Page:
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Tunney Grilled On Promise For More Cops Amid Rise In Thefts, Burglary Spree

By Ariel Cheung | February 5, 2016 8:42am
 Ald. Tom Tunney (44th) is being held to his promise to bring more police officers to the Town Hall District.
Ald. Tom Tunney (44th) is being held to his promise to bring more police officers to the Town Hall District.
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DNAinfo/Ariel Cheung

LAKEVIEW — Following what police called a "bad couple of months" for crime in Lakeview, neighbors are grilling officials on the results of a promise for more police in the area.

Since Oct. 1, the 19th District force has grown by 15 officers, said Chris Jessup, who handles public safety relations for Ald. Tom Tunney's (44th) office. That number includes eight who were transferred into the district in November.

In that same amount of time, several high-profile cases in Lakeview have neighbors on edge; during one of the first community policing meetings of 2016 Wednesday, a packed room of 30 neighbors voiced their concerns.

Two high-profile crimes in particular took place within a month of one another — a "brutal" home invasion Jan. 9 in the 3600 block of North Magnolia Avenue and a Wrigleyville shootout in December.

Police arrested three men in the home invasion, who were part of a "mini crew" that would burglarize the area regularly, said CAPS Sgt. Jason Clark. Two additional men involved in the alleged ring are also "off the street now," he said.

That same day, two other burglaries took place when people were home, police said at the meeting. The crime patterns "fit this crew," but it will take time for detectives to officially connect the cases.

"With those arrests, we're hoping our numbers will now take a nice dive down," Clark said.

A tense exchange during the meeting left neighbors confused as to how many officers they'd been promised. Tunney told them Wednesday there would be 10 additional officers in the first quarter, with 30 total coming in 2016 — five fewer than originally promised.

When neighbors asked for clarification, Tunney stood firm.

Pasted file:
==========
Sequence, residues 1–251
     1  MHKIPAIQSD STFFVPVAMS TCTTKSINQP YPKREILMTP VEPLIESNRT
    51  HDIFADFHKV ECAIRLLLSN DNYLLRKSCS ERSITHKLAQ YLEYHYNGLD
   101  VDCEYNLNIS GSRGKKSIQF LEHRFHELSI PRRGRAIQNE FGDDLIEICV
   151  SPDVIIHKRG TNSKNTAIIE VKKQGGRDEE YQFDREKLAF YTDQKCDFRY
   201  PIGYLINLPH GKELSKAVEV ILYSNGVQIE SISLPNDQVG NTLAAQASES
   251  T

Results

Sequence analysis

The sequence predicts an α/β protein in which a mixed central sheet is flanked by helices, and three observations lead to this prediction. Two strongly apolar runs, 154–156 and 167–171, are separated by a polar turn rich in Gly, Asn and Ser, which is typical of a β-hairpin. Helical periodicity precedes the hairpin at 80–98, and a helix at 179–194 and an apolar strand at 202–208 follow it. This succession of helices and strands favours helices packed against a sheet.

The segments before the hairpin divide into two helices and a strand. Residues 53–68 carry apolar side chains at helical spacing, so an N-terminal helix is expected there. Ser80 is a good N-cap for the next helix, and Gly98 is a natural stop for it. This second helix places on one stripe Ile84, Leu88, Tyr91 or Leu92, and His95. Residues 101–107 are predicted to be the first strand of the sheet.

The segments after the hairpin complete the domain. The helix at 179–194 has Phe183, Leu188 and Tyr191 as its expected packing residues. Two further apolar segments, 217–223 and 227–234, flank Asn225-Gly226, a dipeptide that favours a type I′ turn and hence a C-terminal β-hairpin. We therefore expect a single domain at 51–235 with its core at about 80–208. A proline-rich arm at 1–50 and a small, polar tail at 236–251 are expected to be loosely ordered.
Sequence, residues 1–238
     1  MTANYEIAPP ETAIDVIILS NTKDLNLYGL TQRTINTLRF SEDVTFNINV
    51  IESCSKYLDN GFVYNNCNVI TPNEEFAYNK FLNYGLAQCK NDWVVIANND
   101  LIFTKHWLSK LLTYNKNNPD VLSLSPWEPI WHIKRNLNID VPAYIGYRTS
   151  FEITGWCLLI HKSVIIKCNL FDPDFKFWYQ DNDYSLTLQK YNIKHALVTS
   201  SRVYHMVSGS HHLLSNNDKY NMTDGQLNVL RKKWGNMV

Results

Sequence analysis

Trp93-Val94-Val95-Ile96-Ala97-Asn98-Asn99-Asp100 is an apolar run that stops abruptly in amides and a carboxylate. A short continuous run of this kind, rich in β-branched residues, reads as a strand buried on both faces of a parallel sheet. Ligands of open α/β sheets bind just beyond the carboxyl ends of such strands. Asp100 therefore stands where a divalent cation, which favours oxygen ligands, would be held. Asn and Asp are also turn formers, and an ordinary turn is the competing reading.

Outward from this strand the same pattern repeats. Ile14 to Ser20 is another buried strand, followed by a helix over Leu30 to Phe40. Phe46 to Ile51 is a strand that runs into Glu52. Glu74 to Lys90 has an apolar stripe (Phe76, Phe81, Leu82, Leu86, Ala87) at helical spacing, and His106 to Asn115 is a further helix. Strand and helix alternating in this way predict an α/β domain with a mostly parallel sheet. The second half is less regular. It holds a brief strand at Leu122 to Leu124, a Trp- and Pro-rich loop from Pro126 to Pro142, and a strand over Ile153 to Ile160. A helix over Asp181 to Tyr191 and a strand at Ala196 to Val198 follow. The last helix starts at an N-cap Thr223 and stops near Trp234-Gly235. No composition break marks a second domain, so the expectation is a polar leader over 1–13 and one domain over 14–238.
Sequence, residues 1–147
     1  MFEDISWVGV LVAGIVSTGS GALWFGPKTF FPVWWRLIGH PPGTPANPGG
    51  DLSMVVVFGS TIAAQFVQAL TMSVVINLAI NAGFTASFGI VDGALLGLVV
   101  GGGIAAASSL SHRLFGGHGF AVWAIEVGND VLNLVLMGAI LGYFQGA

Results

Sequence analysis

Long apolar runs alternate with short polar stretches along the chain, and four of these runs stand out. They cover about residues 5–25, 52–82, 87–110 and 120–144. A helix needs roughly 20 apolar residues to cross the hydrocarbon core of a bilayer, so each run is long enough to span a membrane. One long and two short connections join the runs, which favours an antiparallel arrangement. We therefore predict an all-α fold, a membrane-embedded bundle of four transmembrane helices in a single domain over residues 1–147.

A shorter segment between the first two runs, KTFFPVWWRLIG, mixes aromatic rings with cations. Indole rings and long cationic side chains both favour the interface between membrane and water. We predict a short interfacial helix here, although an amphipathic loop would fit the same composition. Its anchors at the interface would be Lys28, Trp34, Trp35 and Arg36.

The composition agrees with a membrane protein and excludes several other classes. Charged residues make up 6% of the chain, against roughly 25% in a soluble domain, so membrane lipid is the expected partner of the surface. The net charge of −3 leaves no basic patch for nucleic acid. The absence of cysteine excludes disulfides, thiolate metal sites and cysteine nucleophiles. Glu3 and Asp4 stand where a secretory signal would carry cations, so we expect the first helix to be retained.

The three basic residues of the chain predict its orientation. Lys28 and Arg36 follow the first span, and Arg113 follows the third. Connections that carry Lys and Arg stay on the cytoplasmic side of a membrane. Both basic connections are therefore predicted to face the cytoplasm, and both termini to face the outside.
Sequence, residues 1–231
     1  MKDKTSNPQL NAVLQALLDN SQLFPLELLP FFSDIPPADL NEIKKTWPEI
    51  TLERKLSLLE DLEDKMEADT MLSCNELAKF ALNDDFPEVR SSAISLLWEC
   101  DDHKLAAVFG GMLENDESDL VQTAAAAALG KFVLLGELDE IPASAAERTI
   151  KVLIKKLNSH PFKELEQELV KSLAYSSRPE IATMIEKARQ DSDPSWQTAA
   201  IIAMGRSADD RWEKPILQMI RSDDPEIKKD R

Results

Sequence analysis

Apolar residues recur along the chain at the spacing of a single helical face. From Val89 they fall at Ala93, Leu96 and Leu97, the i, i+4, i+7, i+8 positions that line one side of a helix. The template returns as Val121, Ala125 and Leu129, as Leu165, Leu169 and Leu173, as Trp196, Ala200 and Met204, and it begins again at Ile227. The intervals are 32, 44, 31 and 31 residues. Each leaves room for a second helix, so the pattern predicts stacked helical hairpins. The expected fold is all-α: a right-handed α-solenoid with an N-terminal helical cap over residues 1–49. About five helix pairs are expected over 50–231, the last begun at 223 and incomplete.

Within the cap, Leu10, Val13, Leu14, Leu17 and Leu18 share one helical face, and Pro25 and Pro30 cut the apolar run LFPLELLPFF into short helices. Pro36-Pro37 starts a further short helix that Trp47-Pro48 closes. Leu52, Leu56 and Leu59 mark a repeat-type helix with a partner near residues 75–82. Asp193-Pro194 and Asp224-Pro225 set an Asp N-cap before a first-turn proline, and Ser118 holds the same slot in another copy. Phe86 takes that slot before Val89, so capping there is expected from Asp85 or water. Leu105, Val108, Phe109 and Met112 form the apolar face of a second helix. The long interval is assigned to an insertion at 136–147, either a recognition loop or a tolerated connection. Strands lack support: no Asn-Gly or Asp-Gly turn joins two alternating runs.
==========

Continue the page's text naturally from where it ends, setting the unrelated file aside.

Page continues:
"I'm telling you what I committed to," he said. "I don't know where your information is coming from."

Tunney eventually conceded after one person read from Tunney's own newsletter announcing the deal.

"I might be wrong — I'm not saying that — but I'm saying the vacancies are fluid," he said. "What I want to be held accountable for when we go into the budget vote is to make sure we've got that 30-plus, 35. To know the mayor committed to what he committed to us, Ald. [James] Cappleman and I, for the 19th."

After the meeting, Jessup clarified that Tunney had misspoke and that his office was still expecting the 25 officers this quarter and 35 total.

Tunney and Cappleman (46th) traded votes for the $589 million property-tax increase in exchange for a promise from Mayor Rahm Emanuel — and now-former Chicago Supt. Garry McCarthy — for more police officers in the Town Hall District. Also known as the 19th District, it includes Lakeview and parts of Lincoln Park, Uptown, Lincoln Square and North Center.

Tunney said at the time that 25 officers would be assigned to the district during the first three months of 2016, with 10 more following during the rest of the year.

Keeping a net increase in officers has been challenging with a slew of retirements and staffing change-ups. McCarthy's firing by Emanuel amid uproar amid police misconduct charges could also throw the promise into uncertain territory, since the aldermen have little power over district manpower.

"Obviously a lot has happened since last November, but that is the commitment the mayor has made to me personally and our community," Tunney said Wednesday.

Central and east Lakeview police beats saw an increase in thefts last year, said Clark. Police also pointed to burglaries as a current issue. Of 49 burglaries that took place in the area Dec. 3 to Feb. 3, almost half involved unlocked doors or garages, police said.

Almost all the 37 apartment burglaries involved first-floor apartments.

Police suggested block clubs, neighborhood phone trees and court advocacy as ways neighbors could help with policing efforts. Equipping themselves with pepper spray was also recommended.

"Every officer is going to want more officers, but we work with what we have," Clark said. "We need neighbors to work with us and do their part, too."

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